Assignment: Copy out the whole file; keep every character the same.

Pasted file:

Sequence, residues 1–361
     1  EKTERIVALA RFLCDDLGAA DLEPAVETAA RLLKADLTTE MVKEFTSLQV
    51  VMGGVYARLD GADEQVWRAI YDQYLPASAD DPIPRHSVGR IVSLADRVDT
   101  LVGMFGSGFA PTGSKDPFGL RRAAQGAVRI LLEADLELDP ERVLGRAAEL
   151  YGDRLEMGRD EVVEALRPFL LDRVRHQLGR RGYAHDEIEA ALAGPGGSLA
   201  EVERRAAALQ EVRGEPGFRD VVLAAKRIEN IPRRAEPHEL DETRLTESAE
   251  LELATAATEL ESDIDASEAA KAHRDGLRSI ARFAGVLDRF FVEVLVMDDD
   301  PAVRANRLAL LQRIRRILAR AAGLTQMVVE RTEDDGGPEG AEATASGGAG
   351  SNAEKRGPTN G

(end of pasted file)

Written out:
Sequence, residues 1–361
     1  EKTERIVALA RFLCDDLGAA DLEPAVETAA RLLKADLTTE MVKEFTSLQV
    51  VMGGVYARLD GADEQVWRAI YDQYLPASAD DPIPRHSVGR IVSLADRVDT
   101  LVGMFGSGFA PTGSKDPFGL RRAAQGAVRI LLEADLELDP ERVLGRAAEL
   151  YGDRLEMGRD EVVEALRPFL LDRVRHQLGR RGYAHDEIEA ALAGPGGSLA
   201  EVERRAAALQ EVRGEPGFRD VVLAAKRIEN IPRRAEPHEL DETRLTESAE
   251  LELATAATEL ESDIDASEAA KAHRDGLRSI ARFAGVLDRF FVEVLVMDDD
   301  PAVRANRLAL LQRIRRILAR AAGLTQMVVE RTEDDGGPEG AEATASGGAG
   351  SNAEKRGPTN G